As we drive the expanse that is Canada we are listening to John Steinbeck’s masterpiece “The Grapes of Wrath”. I’ve read the book and seen the movie, but listening to the book on Audible is mesmerizing. And so apropos. I chose this book because in a couple of weeks we will be traveling on the great Route 66. But as we listen to it now in Canada we find subtle similarities, and acknowledging our journey and fab fifty life is in part thanks to people like the Joad’s who paved the way.
The crossing of the great country of Canada is different than I imagined. Having driven three times across the United States I was expecting it to be the same. But it is not. Canada seems so much larger – the distances between our chosen destinations seeming endless. Hundreds of miles between towns or cities. And sometimes between gas stations or services. Sparsely populated in a way that makes the thought ring truer than ever before – “out in the middle of nowhere”. Like the Joad’s on Route 66.
We left Winnipeg Beach on Friday morning at 7am and fell into bed that night at 9pm with 600 miles done. Pulling Betty on the Trans-Canada Highway we go a maximum speed of 60mph. There is minimal traffic, mostly just truckers traversing the country just like us. A truck stop service station appears about every 100 miles. Just gas and fast food – little more. We knew our drive from Winnipeg on Friday was going to be a long one. We wanted to cover as many miles as we could. We thought it would be easier to drive until we couldn’t drive no more and then get a hotel.
It was a good idea, but it didn’t work out exactly as we imagined. There were plenty of hotels as we passed through the city of Thunder Bay on the border of Manitoba and Ontario. But it was still early and we kept going. Then there was nothing. For miles and miles and miles. Nothing but truckers. Nothing but signs warning to watch out for moose. Nothing more.
Finally not wanting to drive too much after dark we pulled off in the town of Nipigon. Three old style motels stared at us in varying states of decay on the side of the highway – no doubt built in the era of the Joad Family. We chose the one that looked the least offensive and checked in. In hindsight, we should have just pulled into a truck stop and slept in Betty – the motel offered little comfort. It actually was more of a hassle – as we needed to pull clothes and toiletries out of Betty to have in the motel room. In Betty we have a system. A comfortable routine. The Joad’s had a routine too. Pull out the tarp and the mattresses and fry up some pork. Same thing each night – maybe not fancy but in the routine they found comfort.
We slept well though, despite the shabby room and were on the road again at 8:30am. The night before we had passed into the Eastern timezone – our inability to know what time it is following us across the miles.
Fog was our companion on this morning as we continued our eastward quest. But within the first hour the fog burned off and a very bright sunny morning greeted us – the sun in the East shining right in our eyes. As we drove the Joad’s were traveling through the Mojave Dessert, hungry and poor as they prayed their old jalopy would carry them through. Meanwhile the Lund’s stopped for lunch at a truck stop A&W – the only option we could find.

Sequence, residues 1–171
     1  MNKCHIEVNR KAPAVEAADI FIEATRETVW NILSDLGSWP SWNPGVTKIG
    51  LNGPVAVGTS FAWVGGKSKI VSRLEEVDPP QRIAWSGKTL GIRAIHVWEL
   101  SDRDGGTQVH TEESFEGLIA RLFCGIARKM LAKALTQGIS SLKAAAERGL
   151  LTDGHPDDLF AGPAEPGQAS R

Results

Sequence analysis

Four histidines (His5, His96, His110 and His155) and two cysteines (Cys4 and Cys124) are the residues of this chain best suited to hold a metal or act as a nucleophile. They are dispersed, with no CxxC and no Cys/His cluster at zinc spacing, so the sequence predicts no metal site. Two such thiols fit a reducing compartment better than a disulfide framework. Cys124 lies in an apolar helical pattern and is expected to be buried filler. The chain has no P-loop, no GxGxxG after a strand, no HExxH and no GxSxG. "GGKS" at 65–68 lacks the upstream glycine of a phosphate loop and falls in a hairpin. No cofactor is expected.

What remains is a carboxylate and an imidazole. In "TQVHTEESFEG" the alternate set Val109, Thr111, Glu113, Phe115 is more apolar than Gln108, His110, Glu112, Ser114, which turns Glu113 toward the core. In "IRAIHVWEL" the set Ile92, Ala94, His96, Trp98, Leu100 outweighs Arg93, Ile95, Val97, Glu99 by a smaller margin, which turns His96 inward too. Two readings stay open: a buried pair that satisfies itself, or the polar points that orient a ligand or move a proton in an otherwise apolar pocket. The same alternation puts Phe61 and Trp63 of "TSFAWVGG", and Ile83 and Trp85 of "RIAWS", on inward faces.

And then we descended down along Lake Superior. Beautiful and blue and gigantic. For a girl from
Washington it is difficult to look at an expanse of water like that and accept it’s not salt water. So big and vast. We entered Lake Superior Provincial Park and admired the endless miles of pine trees and rust colored deciduous trees on the rolling hills around us. The road pulled us away from the great lake and wound it’s way through hundreds of smaller lakes and ponds on either side of the road. The Joad’s arrived in California’s lush green valley’s with no where to go, and pulled into one of many “Hooverville’s” for vagrants. The Lund’s pulled into the Agawa Bay Campground right on the shores of Lake Superior and counted their blessings to find such an exquisitely beautiful place to spend the next couple of days.
We snagged one of the few spots with electrical hook-ups and got Betty all set up and then we took a four mile hike on the coastal trail. I spent time on this hike practicing some new i-phone photo techniques I have been learning. There is no wi-fi and we don’t know when we might find it again, and we took the time to enjoy being out of touch. Meanwhile Ma Joad fretted how she would manage to keep the “fambly” together with no way of communicating if they got separated.
We took our chairs down to the shore to watch the sunset. We had watched the sunrise as we drove this morning, and then we sat together and watched it set over Lake Superior. I turned to my husband and smiled, “What are we doing here?” it’s like a dream.
For the Joad’s it was more of a nightmare.
California did not live up to their dreams and expectations. Life just was hard – no matter where they were.
Day two at Agawa Bay dawned bright and gorgeous and I went for a five mile run. We then packed up a picnic and headed out to do some hiking. What a perfect day to walk – solitary trails through woods and lakes. Stunning beauty. We definitely feel this is our favorite spot yet. It feels like real camping (bonfire too) and being right on the lake is special. Lake Superior – not just any lake. One of the Great ones. An icon of America. Here we are.
I’ll post this blog when we find wi-fi again, most likely on Monday, Day 12, when we reach Sault St. Marie. In the meantime we relax here in Ontario Canada – a long way from home. A long way from the trials of the Joad Family. But thankful for them and those who persevered.